One centimeter anterior to the coronal suture at the level of the STL is suitable as the normal entry point of the TDC for symptomatic CSDH. The thickness of the CSDH can be measured at this point on a preoperative brain CT scan. Furthermore, the entry point on the scalp can be accurately estimated using surface landmarks 1).

The insertion of a subdural drain was associated with a statistically significant reduction in the risk of symptomatic recurrence and the requirement for further surgical intervention of chronic subdural hematoma after surgical evacuation. Furthermore, it was associated with statistically significant improvements in both short-term and long-term functional outcome 2).

The Subdural Evacuating Port System (SEPS) is a subdural drain that permits the neurosurgeon to drain subacute or chronic subdural hematoma by a method which is minimally invasive, simple and safe to the standard procedure of burr-hole evacuation 3) 4) 5) 6).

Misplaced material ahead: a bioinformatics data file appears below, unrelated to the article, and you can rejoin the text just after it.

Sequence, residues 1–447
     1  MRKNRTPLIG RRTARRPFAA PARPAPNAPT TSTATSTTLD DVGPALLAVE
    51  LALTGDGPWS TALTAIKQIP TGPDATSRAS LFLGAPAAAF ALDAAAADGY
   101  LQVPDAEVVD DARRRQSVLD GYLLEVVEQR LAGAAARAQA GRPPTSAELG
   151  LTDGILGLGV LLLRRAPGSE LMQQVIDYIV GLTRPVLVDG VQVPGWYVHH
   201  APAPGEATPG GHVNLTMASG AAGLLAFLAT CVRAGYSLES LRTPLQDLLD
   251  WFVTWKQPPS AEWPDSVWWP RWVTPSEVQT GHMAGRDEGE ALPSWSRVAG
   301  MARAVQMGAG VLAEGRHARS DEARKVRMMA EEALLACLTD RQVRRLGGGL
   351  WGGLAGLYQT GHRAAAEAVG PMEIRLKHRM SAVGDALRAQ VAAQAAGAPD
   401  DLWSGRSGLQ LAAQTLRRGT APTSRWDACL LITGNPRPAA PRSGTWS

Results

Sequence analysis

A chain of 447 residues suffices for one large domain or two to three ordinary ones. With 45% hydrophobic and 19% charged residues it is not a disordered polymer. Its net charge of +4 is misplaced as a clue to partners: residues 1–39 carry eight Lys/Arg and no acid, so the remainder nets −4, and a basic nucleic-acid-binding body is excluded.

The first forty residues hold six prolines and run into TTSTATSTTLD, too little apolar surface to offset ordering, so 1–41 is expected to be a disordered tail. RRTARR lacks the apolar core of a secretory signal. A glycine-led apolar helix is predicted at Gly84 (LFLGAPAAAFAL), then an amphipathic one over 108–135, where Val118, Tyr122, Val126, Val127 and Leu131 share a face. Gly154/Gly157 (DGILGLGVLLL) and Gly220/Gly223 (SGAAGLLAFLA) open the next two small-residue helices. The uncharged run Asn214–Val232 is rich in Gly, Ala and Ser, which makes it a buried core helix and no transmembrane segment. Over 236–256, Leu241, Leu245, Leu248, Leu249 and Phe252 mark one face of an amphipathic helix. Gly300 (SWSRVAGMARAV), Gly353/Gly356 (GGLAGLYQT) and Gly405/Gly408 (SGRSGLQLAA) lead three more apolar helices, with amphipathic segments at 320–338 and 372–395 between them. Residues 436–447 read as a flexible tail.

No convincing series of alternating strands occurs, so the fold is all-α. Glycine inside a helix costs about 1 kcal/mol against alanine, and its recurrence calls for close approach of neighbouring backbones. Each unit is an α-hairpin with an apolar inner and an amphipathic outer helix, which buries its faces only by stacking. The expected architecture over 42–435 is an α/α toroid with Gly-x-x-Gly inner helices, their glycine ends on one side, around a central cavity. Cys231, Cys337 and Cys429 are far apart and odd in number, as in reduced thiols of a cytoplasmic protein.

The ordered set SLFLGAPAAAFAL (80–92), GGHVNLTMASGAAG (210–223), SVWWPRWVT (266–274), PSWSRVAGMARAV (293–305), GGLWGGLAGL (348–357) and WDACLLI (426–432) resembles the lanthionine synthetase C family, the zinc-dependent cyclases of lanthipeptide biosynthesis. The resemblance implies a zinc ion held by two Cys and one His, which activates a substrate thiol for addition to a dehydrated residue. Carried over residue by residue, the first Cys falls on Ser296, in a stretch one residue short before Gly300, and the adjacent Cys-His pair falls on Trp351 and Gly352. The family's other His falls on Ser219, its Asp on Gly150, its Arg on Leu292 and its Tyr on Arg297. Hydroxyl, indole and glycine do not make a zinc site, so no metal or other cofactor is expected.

The appearance of the winged canula positioned with its tip in the diploic space overlying the subdural space should allow the radiologist to identify it correctly 7).

Because chronic SDH frequently occurs in elderly patients with multiple comorbidities, the bedside approach afforded by the subdural evacuating port system (SEPS) is an attractive alternative method that is performed under local anesthesia and conscious sedation.

A prospectively maintained database of 23 chronic SDHs treated by bur hole or craniotomy and of 23 chronic SDHs treated by SEPS drainage at Tufts Medical Center was compiled, and a retrospective chart review was performed. Information regarding demographics, comorbidities, presenting symptoms, and outcome was collected. The volume of SDH before and after treatment was semiautomatically measured using imaging software.